Many of today’s hottest new enterprise technologies – IoT, Healthcare, AI – are centered on open-source technology. The free and open source software movement has moved well out of grassroots into mainstream – and license compliance issues and enforcement have followed.
Until recently, most instances of open source noncompliance were led by nonprofit entities such as Software Freedom Conservancy, gpl-violations.org or the individual project owners. Compliance disputes were typically resolved without outside government legal processes. However, as open source becomes more widely used, disputes involving private parties have increased.
Many of these lawsuits are centered on the non-compliant use of copyleft licenses in proprietary software without sharing source code.
CoKinetic System vs Panasonic Avionics
Earlier this year, CoKinetic Systems sued Panasonic Avionics for over $100 million.
Panasonic Avionics is a hardware manufacturer and market leader in in-flight entertainment and communication solutions. CoKinetic Systems is a software producer in the same space and a competitor to Panasonic Avionics. The lawsuit claims that Panasonic has violated the GPL license, in addition to employing other monopolizing tactics for in-flight entertainment and communication.
Panasonics’ in-flight entertainment hardware uses a Linux-based operating system distributed under the General Public License. The GPL requires linked together software to be made open-source with the same GPL license.
Panasonic allegedly refused to distribute the source code for its operating system, and by doing this, blocked its competitors (including CoKinetic) from having the ability to develop software for the in-flight entertainment hardware. CoKinetic claims that this is a willful violation of the GPL v2 License, and that Panasonic is a willful infringer of the copyrights of thousands of software developers that have contributed to Linux.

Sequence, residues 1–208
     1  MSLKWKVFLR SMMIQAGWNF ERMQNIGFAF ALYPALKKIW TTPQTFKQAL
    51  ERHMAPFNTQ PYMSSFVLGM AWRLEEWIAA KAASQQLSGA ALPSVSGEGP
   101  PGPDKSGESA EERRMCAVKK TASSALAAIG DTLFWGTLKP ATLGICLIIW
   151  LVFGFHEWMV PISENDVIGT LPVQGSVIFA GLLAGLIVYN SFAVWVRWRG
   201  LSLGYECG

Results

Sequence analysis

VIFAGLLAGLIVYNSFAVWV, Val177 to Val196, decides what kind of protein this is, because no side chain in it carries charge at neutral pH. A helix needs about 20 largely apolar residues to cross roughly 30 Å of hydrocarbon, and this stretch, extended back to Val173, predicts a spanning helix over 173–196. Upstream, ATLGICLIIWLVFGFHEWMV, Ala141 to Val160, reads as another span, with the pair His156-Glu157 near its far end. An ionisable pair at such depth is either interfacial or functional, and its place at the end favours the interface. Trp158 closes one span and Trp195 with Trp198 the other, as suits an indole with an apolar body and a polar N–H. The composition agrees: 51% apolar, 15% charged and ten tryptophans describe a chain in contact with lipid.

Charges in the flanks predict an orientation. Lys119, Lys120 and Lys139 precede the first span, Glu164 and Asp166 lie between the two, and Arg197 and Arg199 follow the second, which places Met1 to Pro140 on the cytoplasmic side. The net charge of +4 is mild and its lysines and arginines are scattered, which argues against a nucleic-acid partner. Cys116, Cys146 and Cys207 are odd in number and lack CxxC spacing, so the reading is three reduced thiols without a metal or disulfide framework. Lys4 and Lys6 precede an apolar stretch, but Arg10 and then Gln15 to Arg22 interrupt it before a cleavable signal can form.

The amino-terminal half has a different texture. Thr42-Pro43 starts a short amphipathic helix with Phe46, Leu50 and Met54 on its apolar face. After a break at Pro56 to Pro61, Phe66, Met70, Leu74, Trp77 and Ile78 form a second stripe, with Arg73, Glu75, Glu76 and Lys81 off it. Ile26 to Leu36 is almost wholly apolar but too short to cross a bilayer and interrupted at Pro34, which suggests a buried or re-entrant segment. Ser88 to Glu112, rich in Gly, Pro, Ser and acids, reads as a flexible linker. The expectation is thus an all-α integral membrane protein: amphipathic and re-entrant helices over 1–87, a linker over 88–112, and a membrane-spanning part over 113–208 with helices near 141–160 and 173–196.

Using Open Source Unfairly?
This is another example of a lawsuit between competitors where open source non-compliance plays a central role. Non-compliant usage of third-party content may put you on the hook for an anti-competitive lawsuit. Typically, more than 50% of a software product is comprised of third party/open source. At the same time, companies find that their license compliance is less than 5%. This common act of legal non-compliance gives an opening to B2B breach of contract or similar lawsuits when deals go bad.
It remains to be seen if the companies settle out of court, like many prior license violation cases. As enforcement activities increase, what should you do to avoid an accidental violation?
Start Managing Open Source Risk
- Educate at all levels of the organization about open source and proprietary license compliance
- Set and implement processes and policies to manage third-party components
- Invest in a complete Software Composition Analysis (SCA) platform to discover and manage the open source and third-party content you are using
A formal OSS strategy enables growing teams to balance business benefits and risk management. Here are some good questions to ask your teams to determine risk and get started on the road to compliance.